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Estates Sue Over $26M in Life Policies Held by U.S. Bank

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What You Need to Know

  • One lawyer, Heather Marx, filed the four suits.
  • Estate reps say the death benefit recipients had no insurable interest in the lives of the insureds.
  • The estate reps contend that estates can sue for the benefits to owners of stranger-originated life insurance policies.

Representatives for four estates are suing to keep U.S. Bank and three trusts from collecting about $26 million in life insurance policy death benefits.

The estate representatives contend that, in 2006 and 2007, investors used “stranger-originated life insurance” transactions to buy five policies insuring the lives of the estate decedents.

The STOLI transactions were illegal, U.S. Bank and the trusts have no right to collect the policy death benefits, and the death benefits should go to the estates, the estate representatives say.

Heather Marx of Cozen O’Connor filed the suits in the U.S. District Court for the District of Minnesota.

Representatives for the plaintiffs, U.S. Bank and the trusts did not respond to requests for comments about the cases.

What it means: If your clients have let investors buy policies insuring their lives, the clients’ families may try to sue for the policy death benefits.

Clients who have invested in life settlement arrangements should ask their investment and legal advisors about the implications of the STOLI litigation.

Life settlements and STOLI: Traditionally, regulators have prohibited life insurance buyers from taking out policies on strangers’ lives, to avoid giving the policy owners an incentive to hope for the strangers’ deaths.

For the past two decades, regulators have let investors buy in-force policies from the original insureds but have generally opposed the creation of policies by strangers with no insurable interest in the lives of the insureds.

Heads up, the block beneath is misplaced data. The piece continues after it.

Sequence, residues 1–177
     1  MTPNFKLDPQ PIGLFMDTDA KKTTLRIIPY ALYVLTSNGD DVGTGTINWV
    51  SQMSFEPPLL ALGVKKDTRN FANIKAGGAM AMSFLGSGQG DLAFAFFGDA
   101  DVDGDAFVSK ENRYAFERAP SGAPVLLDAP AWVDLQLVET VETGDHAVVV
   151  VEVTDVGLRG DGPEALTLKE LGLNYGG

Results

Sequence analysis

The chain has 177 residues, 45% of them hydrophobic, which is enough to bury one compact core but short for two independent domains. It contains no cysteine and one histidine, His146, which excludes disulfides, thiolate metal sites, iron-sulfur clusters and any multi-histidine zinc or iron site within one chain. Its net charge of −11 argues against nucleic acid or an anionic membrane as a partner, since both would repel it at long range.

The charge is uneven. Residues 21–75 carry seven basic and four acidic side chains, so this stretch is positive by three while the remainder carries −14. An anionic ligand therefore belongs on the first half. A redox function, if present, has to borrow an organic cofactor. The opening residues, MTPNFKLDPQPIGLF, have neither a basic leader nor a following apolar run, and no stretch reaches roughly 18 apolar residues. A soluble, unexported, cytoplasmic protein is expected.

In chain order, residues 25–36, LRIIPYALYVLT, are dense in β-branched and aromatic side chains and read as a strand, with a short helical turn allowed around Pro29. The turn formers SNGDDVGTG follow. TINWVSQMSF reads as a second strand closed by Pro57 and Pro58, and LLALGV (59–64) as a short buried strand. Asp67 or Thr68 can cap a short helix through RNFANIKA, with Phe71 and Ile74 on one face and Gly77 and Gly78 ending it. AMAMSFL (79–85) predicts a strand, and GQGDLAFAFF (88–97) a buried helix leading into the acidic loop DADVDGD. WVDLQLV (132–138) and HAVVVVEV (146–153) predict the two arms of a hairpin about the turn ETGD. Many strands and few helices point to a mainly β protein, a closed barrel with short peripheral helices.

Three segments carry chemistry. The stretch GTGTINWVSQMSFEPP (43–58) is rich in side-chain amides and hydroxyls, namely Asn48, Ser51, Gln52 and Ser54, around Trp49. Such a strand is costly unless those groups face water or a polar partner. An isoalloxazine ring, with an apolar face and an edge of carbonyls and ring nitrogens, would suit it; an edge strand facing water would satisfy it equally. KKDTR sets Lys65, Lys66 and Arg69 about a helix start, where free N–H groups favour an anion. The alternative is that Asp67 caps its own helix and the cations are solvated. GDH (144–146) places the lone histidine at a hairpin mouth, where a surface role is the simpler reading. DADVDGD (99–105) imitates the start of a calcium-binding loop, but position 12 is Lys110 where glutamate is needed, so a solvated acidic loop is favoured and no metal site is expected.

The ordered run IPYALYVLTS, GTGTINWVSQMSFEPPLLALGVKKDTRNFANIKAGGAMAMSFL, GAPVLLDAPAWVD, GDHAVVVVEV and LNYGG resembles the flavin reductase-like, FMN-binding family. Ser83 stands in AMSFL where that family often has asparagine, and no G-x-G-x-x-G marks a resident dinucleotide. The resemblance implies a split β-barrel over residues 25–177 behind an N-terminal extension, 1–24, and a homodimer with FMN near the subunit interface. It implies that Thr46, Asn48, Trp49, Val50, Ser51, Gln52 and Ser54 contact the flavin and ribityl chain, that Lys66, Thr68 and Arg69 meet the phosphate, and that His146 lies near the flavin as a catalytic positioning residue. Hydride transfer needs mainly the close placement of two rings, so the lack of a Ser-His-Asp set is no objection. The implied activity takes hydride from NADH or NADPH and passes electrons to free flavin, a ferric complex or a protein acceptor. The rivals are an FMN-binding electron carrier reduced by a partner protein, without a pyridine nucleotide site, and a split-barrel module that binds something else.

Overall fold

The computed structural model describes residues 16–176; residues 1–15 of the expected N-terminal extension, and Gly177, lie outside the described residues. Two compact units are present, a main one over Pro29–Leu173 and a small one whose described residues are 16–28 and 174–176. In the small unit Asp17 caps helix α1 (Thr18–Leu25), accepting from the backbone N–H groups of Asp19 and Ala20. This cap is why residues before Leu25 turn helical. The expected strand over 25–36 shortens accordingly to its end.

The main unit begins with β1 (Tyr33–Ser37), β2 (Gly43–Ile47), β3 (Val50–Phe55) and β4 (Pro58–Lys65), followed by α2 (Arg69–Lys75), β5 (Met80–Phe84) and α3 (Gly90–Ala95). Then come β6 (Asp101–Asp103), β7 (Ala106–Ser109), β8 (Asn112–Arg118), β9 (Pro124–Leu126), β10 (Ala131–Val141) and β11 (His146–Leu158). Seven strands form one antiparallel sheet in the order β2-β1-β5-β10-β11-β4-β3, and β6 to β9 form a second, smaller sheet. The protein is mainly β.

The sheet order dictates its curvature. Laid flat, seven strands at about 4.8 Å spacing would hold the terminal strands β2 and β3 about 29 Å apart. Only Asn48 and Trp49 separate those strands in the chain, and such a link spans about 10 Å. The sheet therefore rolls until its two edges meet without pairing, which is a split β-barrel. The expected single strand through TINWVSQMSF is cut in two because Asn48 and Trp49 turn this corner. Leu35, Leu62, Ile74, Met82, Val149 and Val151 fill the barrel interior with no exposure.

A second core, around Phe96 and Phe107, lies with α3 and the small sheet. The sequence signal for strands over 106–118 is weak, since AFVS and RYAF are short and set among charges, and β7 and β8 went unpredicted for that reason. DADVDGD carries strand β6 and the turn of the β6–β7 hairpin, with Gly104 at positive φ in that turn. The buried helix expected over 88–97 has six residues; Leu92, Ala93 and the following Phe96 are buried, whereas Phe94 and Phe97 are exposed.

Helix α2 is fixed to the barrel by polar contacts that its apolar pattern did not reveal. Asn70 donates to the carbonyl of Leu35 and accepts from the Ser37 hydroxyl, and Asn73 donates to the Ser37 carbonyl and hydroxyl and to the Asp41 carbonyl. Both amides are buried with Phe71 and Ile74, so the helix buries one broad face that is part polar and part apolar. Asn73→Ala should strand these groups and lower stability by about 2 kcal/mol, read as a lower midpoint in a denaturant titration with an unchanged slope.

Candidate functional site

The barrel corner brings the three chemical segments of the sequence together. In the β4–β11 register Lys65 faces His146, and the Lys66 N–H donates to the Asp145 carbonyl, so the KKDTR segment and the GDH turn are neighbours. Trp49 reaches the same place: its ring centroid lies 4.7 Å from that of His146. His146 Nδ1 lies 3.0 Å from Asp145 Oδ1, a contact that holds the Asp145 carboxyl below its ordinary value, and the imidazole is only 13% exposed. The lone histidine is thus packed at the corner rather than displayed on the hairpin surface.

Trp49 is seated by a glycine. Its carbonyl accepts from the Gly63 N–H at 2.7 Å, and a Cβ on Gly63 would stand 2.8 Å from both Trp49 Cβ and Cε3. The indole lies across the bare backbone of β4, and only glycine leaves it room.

Life insurers, the families of the people insured by investor-owned policies, life settlement companies and other players have clashed in court over the boundaries between STOLI and more broadly accepted forms of investor-owned life insurance.

In 2015, for example, the 7th U.S. Circuit Court of Appeals ruled in favor of a life insurer and against trusts that had invested in life insurance policies written by the insurer.

In 2019, the New Jersey Supreme Court ruled that STOLI policies are against public policy and void from the beginning.

The Minnesota case parties: The four new Minnesota STOLI cases were all filed Dec. 22.

The plaintiffs in the cases are:

  • The personal representative of the estate of John C. Breslin, a Colorado resident who was insured by a $3.65 million policy and who died March 17, 2023.
  • The executor of the estate of Jacqueline Hopfinger, a Florida resident who was insured by a $3 million policy and who died Oct. 27, 2021.
  • The administrator of the estate of Susan Jacobs, a California resident who was insured by two $7 million life insurance policies and who died Jan. 1, 2022.
  • The administrator of the estate of Raymond Cappelli, a Pennsylvania resident who was insured by a $5 million policy and who died Dec. 19, 2017.

The defendants in all four cases are U.S. Bank, which serves as the record owner and beneficiary for the policies, and three trusts: Financial Credit II Trust A, Financial Credit Investment Trust C and Financial Credit Investment II Trust F.

Financial Credit Investment, the entity that formed the trusts, is owned by an Irish entity and is a citizen of Ireland, according to the plaintiffs’ complaints.

Apollo Global Management lists Financial Credit Investment Advisors II and Financial Credit Investment II Manager as subsidiaries in its Form-10-K annual report for 2022, and it includes fee revenue from Financial Credit Investment II and related funds in its Form 10-Q quarterly report for the quarter ending Sept. 30, 2023.

The allegations: The plaintiffs allege that a bank created premium financing arrangements and trusts to “wager on the lives of hundreds of American senior citizens,” obtained life insurance policies insuring the lives of senior citizens, then sold the policies to other entities.

Over the years, the policies passed through a number of different portfolios and ended up in the Financial Credit Investment trusts, according to the complaint.

The policy portfolio managers repeatedly contacted the insureds and their family members to check on the insureds’ health, obtained the insureds’ medical records and gave the insureds’ medical records to life expectancy analysts, the plaintiffs allege.

The plaintiffs say the health monitoring efforts invaded the insureds’ privacy.

Under common-law principles recognized by jurisdictions such as Wisconsin, the estate of the insured can sue to collect the benefits a life insurer pays to a policy owner that lacks an insurable interest in the life of an insured, according to the plaintiffs.

The plaintiffs have accused the defendants of unjust enrichment. They are asking the court to award the estates amounts equal to the death benefits the life settlement trusts have received, along with attorneys’ fees and interest.

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